However, a nonprofit association that is established, maintained, and funded by a local government to provide the only retirement benefits to a class of employees may qualify as a social welfare organization under section 501(c)(4). taxmap/pubs/p557-024.htm#TXMP70f7e25c
Donations to volunteer fire companies are deductible on the donor's federal income tax return, but only if made for exclusively public purposes. Contributions to civic leagues or other section 501(c)(4) organizations generally are not deductible as charitable contributions for federal income tax purposes. They may be deductible as trade or business expenses, if ordinary and necessary in the conduct of the taxpayer's business. However, see Deduction not allowed for dues used for political or legislative activities under 501(c)(6) - Business Leagues, etc. for more information. taxmap/pubs/p557-024.htm#TXMP25cf6e29
The following information should be contained in the application form and accompanying statements of certain types of civic leagues or social welfare organizations.taxmap/pubs/p557-024.htm#TXMP1ea3aee8
If your organization wishes to obtain exemption as a volunteer fire company or similar organization, you should submit evidence that its members are actively engaged in fire fighting and similar disaster assistance, whether it actually owns the fire fighting equipment, and whether it provides any assistance for its members, such as death and medical benefits in case of injury to them.
If your organization does not have an independent social purpose, such as providing recreational facilities for members, it may be exempt under section 501(c)(3). In this event, your organization should file Form 1023.taxmap/pubs/p557-024.htm#TXMP15a3d09b
A membership organization formed by a real estate developer to own and maintain common green areas, streets, and sidewalks and to enforce covenants to preserve the appearance of the development should show that it is operated for the benefit of all the residents of the community. The term community generally refers to a geographical unit recognizable as a governmental subdivision, unit, or district thereof. Whether a particular association meets the requirement of benefiting a community depends on the facts and circumstances of each case. Even if an area represented by an association is not a community, the association can still qualify for exemption if its activities benefit a community.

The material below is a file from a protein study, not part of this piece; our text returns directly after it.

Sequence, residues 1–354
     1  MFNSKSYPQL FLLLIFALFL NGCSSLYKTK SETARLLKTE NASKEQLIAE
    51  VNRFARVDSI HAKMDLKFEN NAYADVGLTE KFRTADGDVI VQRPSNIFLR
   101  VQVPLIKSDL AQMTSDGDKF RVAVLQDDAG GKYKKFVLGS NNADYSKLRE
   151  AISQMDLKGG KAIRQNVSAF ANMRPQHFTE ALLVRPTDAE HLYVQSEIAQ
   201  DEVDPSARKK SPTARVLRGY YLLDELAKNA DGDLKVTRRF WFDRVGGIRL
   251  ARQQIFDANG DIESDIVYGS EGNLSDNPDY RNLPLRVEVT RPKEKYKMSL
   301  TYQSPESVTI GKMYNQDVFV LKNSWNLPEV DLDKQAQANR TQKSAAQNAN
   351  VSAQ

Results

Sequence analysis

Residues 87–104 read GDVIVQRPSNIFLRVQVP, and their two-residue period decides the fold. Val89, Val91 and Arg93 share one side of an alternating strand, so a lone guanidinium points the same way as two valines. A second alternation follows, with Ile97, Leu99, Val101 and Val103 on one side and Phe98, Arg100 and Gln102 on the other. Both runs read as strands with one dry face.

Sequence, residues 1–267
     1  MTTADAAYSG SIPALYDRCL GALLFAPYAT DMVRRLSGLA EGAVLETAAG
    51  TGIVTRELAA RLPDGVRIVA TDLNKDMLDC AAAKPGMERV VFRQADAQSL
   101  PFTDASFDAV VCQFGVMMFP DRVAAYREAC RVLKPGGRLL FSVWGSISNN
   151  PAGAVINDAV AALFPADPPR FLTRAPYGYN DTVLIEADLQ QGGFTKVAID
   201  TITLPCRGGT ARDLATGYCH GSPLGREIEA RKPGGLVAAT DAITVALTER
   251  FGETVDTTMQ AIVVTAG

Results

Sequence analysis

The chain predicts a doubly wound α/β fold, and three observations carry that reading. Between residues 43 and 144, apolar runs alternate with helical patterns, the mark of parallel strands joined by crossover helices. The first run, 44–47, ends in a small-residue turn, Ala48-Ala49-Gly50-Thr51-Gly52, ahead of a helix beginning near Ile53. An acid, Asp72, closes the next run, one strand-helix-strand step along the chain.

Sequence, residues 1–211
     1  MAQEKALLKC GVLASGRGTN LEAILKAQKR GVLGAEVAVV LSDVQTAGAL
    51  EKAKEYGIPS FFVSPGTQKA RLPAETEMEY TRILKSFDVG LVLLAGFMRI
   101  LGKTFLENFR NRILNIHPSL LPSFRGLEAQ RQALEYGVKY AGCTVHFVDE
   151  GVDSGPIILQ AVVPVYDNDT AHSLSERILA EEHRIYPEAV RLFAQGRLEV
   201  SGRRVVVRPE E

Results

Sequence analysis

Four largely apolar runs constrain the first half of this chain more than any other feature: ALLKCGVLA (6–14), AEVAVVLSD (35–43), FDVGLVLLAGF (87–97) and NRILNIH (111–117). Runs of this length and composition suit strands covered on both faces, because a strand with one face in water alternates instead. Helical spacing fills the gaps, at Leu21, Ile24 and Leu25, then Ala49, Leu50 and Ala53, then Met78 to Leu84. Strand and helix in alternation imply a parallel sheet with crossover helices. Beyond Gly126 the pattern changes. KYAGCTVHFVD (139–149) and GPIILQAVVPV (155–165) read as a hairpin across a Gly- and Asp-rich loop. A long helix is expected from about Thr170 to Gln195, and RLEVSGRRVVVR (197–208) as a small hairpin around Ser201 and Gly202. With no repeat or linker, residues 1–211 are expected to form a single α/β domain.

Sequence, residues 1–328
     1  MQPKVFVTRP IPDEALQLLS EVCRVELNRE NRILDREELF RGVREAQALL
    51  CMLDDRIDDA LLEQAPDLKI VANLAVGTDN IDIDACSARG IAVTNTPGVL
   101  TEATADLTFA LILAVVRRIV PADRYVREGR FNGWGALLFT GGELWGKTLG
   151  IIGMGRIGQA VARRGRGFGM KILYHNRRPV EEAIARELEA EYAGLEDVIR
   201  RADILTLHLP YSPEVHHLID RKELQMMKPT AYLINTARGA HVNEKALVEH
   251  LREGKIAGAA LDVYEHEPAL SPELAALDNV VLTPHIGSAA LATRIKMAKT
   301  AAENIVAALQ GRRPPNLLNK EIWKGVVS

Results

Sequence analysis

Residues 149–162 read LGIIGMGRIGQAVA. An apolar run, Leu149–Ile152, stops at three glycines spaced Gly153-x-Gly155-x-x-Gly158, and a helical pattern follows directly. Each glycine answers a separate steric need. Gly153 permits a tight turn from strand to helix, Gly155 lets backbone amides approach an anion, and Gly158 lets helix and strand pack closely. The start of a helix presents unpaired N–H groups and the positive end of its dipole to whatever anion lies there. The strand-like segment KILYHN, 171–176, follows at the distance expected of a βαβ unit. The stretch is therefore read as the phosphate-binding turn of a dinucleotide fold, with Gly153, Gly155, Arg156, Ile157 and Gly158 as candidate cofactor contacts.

The association should submit evidence that areas such as roadways and park land that it owns and maintains are open to the general public and not just its own members. It also must show that it does not engage in exterior maintenance of private homes.
A homeowners' association that is not exempt under section 501(c)(4) and that is a condominium management association, a residential real estate management association, or a timeshare association generally may elect under the provisions of section 528 to receive certain tax benefits that, in effect, permit it to exclude its exempt function income from its gross income. taxmap/pubs/p557-024.htm#TXMP1bd8e09c
Other nonprofit organizations that qualify as social welfare organizations include:
- An organization operating an airport that is on land owned by a local government, which supervises the airport's operation, and that serves the general public in an area with no other airport,
- A community association that works to improve public services, housing and residential parking; publishes a free community newspaper; sponsors a community sports league, holiday programs and meetings; and contracts with a private security service to patrol the community,
- A community association devoted to preserving the community's traditions, architecture, and appearance by representing it before the local legislature and administrative agencies in zoning, traffic, and parking matters,
- An organization that tries to encourage industrial development and relieve unemployment in an area by making loans to businesses so they will relocate to the area, and
- An organization that holds an annual festival of regional customs and traditions.